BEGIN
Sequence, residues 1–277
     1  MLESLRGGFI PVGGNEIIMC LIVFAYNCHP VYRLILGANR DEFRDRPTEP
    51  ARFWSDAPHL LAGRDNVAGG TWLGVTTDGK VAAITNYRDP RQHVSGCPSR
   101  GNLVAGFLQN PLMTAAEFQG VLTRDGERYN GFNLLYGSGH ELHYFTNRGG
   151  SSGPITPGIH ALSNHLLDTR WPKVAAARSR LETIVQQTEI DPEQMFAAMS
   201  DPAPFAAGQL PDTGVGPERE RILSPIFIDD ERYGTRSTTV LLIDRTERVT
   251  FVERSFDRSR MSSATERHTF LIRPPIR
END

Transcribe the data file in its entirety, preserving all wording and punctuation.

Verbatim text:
Sequence, residues 1–277
     1  MLESLRGGFI PVGGNEIIMC LIVFAYNCHP VYRLILGANR DEFRDRPTEP
    51  ARFWSDAPHL LAGRDNVAGG TWLGVTTDGK VAAITNYRDP RQHVSGCPSR
   101  GNLVAGFLQN PLMTAAEFQG VLTRDGERYN GFNLLYGSGH ELHYFTNRGG
   151  SSGPITPGIH ALSNHLLDTR WPKVAAARSR LETIVQQTEI DPEQMFAAMS
   201  DPAPFAAGQL PDTGVGPERE RILSPIFIDD ERYGTRSTTV LLIDRTERVT
   251  FVERSFDRSR MSSATERHTF LIRPPIR